Sunday, April 27, 2014

A Love Letter. . .

Last week we Celebrated the 3rd year of the IMPACT Momentum Awards.  Congratulations to all of this year's honorees.  

During the fundraising portion of our event we launched our newest community building venue--crucial community conversations that we are calling "Are We There Yet Conversations."  These conversations are particularly targeted to connect with the established leaders in our community who are craving more meaningful dialogues about our future as a county.  The idea for these conversations emerged from a similar conversation that happened at the home of Joyce Newmyer, our Board Chair and President of Washington Adventist Hospital in Takoma Park.  It was one of the most significant, challenging, and inspiring conversations I've had since coming to Montgomery County.  

Soon we'll be sharing more information about how you too can have this kind of experience-- while helping to build community and our organization and the same time.  Until then please allow me to share reflections about this seminal conversation from Joyce-- and my response.





This is Why I Love You:  A love letter to my board of directors—and by extension to the Montgomery County Family.

Chris, DeRionne, Joyce, Laura, Sterling, Terrill, Will (and soon to be Jeff!)—thank you for opening your hearts and souls last night—and Joyce—thank you for so graciously opening your home and your table to us.

I want you to know that I admired the care and courage that each of you brought to our conversation about white privilege--and how we should talk about it as a County.  Your wisdom is sage.  Your faith and hope for all that our County can be is profound and runs deep.

Here’s what I’m taking away from our conversation as we continue to work together (and with our whole community) to help Montgomery County get to its best and brightest future:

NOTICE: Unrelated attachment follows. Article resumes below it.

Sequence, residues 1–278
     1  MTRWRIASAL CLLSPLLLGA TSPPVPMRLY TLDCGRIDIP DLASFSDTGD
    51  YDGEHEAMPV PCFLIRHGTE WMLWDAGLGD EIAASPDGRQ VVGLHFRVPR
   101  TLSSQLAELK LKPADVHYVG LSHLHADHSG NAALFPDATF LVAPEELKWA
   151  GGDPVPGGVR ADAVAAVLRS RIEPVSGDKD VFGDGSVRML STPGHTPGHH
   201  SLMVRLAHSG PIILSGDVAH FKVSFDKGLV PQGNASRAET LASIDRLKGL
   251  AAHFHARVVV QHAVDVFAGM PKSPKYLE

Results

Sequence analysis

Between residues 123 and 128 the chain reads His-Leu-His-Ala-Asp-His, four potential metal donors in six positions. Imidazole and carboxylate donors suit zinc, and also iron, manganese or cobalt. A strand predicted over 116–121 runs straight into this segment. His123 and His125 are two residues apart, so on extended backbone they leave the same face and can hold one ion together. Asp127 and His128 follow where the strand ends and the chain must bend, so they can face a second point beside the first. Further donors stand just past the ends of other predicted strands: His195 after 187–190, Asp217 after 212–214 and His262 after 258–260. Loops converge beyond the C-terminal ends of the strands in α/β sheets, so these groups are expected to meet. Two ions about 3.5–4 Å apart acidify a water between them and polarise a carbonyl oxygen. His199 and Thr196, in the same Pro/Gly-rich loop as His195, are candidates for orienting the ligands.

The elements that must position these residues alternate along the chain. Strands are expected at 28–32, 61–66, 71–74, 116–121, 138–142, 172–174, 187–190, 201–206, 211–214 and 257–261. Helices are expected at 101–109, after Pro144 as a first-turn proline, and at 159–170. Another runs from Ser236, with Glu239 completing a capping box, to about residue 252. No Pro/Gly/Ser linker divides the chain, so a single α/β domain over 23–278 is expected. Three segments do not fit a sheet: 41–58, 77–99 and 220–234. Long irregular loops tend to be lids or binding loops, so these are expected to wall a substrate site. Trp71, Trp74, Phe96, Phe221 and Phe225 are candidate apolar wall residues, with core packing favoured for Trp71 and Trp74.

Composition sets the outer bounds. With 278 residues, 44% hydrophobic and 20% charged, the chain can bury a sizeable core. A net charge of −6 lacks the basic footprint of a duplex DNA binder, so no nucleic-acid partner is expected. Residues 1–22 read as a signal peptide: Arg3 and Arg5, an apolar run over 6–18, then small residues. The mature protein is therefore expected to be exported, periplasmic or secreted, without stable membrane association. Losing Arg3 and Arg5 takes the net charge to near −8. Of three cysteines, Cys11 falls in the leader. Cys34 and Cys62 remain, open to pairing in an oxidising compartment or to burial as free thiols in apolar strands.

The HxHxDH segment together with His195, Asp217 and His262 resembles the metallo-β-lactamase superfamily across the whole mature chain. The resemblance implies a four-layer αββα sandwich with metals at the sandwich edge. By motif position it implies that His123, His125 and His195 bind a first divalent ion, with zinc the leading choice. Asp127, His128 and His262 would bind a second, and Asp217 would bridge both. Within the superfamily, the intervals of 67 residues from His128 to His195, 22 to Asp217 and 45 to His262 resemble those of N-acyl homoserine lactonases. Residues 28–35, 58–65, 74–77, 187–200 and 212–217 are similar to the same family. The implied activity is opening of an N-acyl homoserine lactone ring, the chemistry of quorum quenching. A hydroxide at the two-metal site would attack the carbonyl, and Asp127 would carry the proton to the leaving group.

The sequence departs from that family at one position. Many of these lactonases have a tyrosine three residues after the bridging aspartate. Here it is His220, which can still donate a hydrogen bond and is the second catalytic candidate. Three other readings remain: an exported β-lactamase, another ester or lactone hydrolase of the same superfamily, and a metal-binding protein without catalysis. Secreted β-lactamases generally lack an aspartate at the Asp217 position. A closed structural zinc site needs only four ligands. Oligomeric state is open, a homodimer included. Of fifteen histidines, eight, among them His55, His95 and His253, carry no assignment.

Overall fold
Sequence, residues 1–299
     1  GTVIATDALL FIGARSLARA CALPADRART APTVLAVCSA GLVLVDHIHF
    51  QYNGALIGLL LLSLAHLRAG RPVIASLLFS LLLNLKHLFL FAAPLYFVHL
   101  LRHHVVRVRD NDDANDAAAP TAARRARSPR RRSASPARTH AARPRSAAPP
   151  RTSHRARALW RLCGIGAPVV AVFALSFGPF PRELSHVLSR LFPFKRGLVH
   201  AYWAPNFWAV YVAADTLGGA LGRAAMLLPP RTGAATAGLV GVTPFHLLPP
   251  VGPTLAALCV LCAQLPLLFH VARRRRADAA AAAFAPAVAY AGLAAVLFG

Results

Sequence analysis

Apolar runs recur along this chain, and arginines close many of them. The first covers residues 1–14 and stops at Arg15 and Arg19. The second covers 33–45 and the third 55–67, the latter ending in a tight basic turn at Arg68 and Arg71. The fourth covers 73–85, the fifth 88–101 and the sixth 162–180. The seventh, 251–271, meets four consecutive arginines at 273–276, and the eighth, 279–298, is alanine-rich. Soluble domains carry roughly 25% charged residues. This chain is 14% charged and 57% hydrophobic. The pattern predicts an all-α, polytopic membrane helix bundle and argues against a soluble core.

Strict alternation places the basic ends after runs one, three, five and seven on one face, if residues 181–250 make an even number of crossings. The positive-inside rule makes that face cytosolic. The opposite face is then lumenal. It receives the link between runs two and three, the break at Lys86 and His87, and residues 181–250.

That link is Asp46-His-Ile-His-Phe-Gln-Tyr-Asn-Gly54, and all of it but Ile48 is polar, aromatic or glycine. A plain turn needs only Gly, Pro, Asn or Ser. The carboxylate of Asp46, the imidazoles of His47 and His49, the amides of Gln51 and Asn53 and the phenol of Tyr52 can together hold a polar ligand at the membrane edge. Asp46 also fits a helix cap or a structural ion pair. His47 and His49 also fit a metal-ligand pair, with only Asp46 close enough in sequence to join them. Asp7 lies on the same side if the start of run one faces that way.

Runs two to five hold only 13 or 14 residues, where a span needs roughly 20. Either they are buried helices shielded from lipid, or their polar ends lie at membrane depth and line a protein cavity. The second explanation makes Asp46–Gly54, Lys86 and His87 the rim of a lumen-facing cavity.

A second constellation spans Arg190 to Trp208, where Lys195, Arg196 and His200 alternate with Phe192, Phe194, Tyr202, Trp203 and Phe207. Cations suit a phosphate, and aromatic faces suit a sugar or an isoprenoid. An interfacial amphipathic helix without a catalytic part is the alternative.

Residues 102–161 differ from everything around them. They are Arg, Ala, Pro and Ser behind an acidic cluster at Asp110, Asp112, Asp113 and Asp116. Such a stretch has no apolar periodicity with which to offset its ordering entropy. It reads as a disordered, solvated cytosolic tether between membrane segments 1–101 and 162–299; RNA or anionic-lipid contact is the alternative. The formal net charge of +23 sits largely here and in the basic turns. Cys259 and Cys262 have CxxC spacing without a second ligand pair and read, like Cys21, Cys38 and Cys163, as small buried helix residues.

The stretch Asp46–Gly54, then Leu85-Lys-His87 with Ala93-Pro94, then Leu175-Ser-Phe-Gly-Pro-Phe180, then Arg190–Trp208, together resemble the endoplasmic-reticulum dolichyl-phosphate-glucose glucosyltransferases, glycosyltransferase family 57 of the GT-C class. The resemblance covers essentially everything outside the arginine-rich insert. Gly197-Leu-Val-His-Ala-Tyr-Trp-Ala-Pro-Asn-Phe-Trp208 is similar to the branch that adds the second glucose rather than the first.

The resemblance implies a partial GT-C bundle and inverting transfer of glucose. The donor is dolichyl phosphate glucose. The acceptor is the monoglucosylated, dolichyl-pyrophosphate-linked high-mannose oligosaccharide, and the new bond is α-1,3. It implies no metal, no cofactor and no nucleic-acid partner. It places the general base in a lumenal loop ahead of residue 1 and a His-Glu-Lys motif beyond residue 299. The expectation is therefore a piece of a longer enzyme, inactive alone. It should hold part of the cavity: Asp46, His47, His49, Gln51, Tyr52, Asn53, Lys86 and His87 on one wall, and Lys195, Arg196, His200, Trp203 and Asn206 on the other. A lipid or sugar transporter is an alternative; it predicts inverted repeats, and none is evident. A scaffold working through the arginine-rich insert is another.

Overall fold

This is not going to be easy.  But nothing that is worthy of our deepest hopes and affections will come without effort, intention, and a willingness to work—especially when the task is daunting.

Yes, white privilege exists, and many continue to benefit from it and struggle because of it.  Indeed we need to be mindful of privilege in all of its forms-- and work as hard as we can to limit its negative effects on other peoples’ humanity.  

As we talk about white privilege—we are not just referring to the privilege that individuals have accrued in their lives, but rather the historical and structural manifestations of privilege that exacerbate the unacceptable “gaps” that we see in our society. 

Because this kind of privilege is less concrete and often intangible, it is hard to see and discern.  Consequently many of us are frustrated because solutions that might address the challenge feel elusive and beyond our reach and imagination.

Because our work is grounded in faith, hope, and love, we do not have to choose between agitating, convening, and building community.  We can be all of these as context and circumstances dictate.

People have a lot of fear about these kinds of topics like white privilege.  Perhaps we most fear what the solutions require of us?  What will we lose?  What will we have to sacrifice?  We are overcoming this fear, driven by the promise of what we might gain—together.

We will not allow fear to overtake us.  Love will liberate us.

Lastly, we cannot keep the moment we experienced around Joyce’s table to ourselves.  There is a bigger community that is calling for us, longing for the same kind of meaningful moment.  They are as hopeful and as stuck as we are.  At the same time, they want what we want (and vice-versa)--a community that we can boldly call Beloved.  While there is much for us to learn and do, there are two things that we already know—1.) there are more tables to be set as welcoming spaces where our community can experience what we have experienced—and  2.) we will not be governed by fear, but by love. Yes love will not fail.